When the players came through for their coach in her time of need. The Raiders girls basketball team and Coach Erika.
TORRINGTON: The Torrington girls’ basketball team, under the guidance of long time head coach Mike Fritch, has always been about family.
Go to any Raiders home game and you are sure to find a bunch of youngsters running around behind the bench and this year, the potential future basketball players were even part of the greeting line when the team was introduced.
That family spirit was never more evident or more important than it was this year when one of their own, assistant coach Erika Pratt (Fritch’s daughter) suffered a tragedy when she lost a son after carrying him for nearly seven months.
On Sunday at the teams end of the year banquet, this group of student/athletes, their families and coaches got together to cry, celebrate and demonstrate how the power of the family unit is so strong in this program.
Erika Pratt grew up in the gym, she was one of those youngsters running around the Connie Donahue Gymnasium when she was young before taking to the court under the guidance of her father to become one of the all-time greats in Raider history.
Her 1069 career point total ranks seventh in school history on the girl’s side and her steady leadership as junior varsity coach has helped her develop one of the strongest farm system for the varsity team in the area.
During varsity games, she is seated to the right of her father and helps with in-game adjustments throughout and occasion, calm dad down. Okay, she does that a lot.
Just before the Naugatuck Valley League semi-finals on February 19, the Pratt and Fritch families suffered the loss of their son and the effect was felt throughout the Torrington community.
Anyone who has spent any time around these families understands that they are part of the fabric and back bone of this community.
A basketball game against rival Holy Cross was scheduled to be played on Monday night, less than 12-hours after the Pratt’s suffered their loss.
The team, who considers Erika a big sister/mom influence, was devastated in the locker room before the game started at Kennedy High School.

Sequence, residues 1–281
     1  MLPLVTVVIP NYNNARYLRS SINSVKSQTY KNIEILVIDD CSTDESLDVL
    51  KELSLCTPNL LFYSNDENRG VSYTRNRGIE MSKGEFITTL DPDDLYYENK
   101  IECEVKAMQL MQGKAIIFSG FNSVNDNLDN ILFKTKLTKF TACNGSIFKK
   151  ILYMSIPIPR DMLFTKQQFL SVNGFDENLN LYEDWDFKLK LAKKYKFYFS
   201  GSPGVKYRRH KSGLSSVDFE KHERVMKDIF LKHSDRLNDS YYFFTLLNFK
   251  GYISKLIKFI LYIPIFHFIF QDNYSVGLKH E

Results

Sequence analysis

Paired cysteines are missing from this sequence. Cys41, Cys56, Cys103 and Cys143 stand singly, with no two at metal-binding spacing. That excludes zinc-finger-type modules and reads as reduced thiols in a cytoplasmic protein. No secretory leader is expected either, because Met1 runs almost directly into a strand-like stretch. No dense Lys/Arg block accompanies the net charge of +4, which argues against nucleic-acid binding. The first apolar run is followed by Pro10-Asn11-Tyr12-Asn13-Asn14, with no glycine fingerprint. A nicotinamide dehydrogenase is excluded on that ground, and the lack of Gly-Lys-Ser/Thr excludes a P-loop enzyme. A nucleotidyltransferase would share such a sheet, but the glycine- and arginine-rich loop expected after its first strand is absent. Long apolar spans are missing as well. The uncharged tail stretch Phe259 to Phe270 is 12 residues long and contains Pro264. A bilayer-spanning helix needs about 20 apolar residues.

It was a night when basketball was so secondary to what was happening in life, but a game had to be played, nonetheless.
The Raiders fell behind 18-2 after one quarter and under the circumstances, who would have cared if the lost by 50, but showing a desire and maturity beyond their years, Torrington battled back and got within two in the second half before eventually falling to the Crusaders.
Once again, student/athletes had shown all of us their undying spirit and ability to pick themselves, and the adults around them, up under trying circumstances.
Their love and devotion was not lost on their assistant coach, who battled her emotions on Sunday night, but got her message of gratitude across to her team.
“I want to personally thank all the girls and the parents and my entire basketball family,” Pratt said while fighting back the tears. “For their love and support and prayers while I have been coping with the death of my son which has been the most difficult experience I faced but I am so grateful that I have all these girls to give me a hug and lift me up after this tragedy in my life. I love them all and I love you all forever. And remember that you are women, just like me and you have an unexplainable strength that you carry with you forever and for always.”
These kids got it, as most of the athletes we cover. They knew and understood what was important. Family.
Five seniors left their mark on this team.
Brie Pergola, Alexis Tyrrell, Sara Bardwell, Colleen Kilgore and Sidnee Kovall each took a moment to talk about their experiences with the program.
This was a group that helped the Raiders win the 2015, NVL Tournament title during their sophomore years, the year that Pergola broke onto the scene as one of the best players in the area.
The game for the championship was a true classic as the Raiders upset the top seed, Holy Cross by a 56-55 final led by Pergola who scored 20 and was named the MVP of the tournament.
As a group, they posted a 59-21 record over their four years, including a 19-1 year in 2014/2015 when they made the run through the NVL Tournament.
2015/2016 was a tough season (10-10) with Pergola out most of the year with injury but Torrington responded with a 15-5 record this season.
Sometimes in sports, life take over and a team’s character is defined.
This year’s Raiders team passed that grade with flying colors and it will serve them well in the future as they develop in terrific adults making their way through the world.
Be assured, Coach Erika will never forget what this team did for her family when they needed them the most.